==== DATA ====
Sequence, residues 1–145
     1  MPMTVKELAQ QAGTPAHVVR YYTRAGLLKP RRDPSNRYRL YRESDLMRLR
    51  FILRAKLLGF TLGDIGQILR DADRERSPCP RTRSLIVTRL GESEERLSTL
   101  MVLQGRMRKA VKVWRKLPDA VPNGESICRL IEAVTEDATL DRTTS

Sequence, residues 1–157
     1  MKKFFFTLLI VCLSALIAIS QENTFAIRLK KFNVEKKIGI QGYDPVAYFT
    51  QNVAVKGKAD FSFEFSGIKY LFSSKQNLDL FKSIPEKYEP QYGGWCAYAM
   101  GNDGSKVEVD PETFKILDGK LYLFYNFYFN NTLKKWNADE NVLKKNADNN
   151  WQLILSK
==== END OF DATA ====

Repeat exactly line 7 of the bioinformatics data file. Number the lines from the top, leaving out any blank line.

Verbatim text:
    51  QNVAVKGKAD FSFEFSGIKY LFSSKQNLDL FKSIPEKYEP QYGGWCAYAM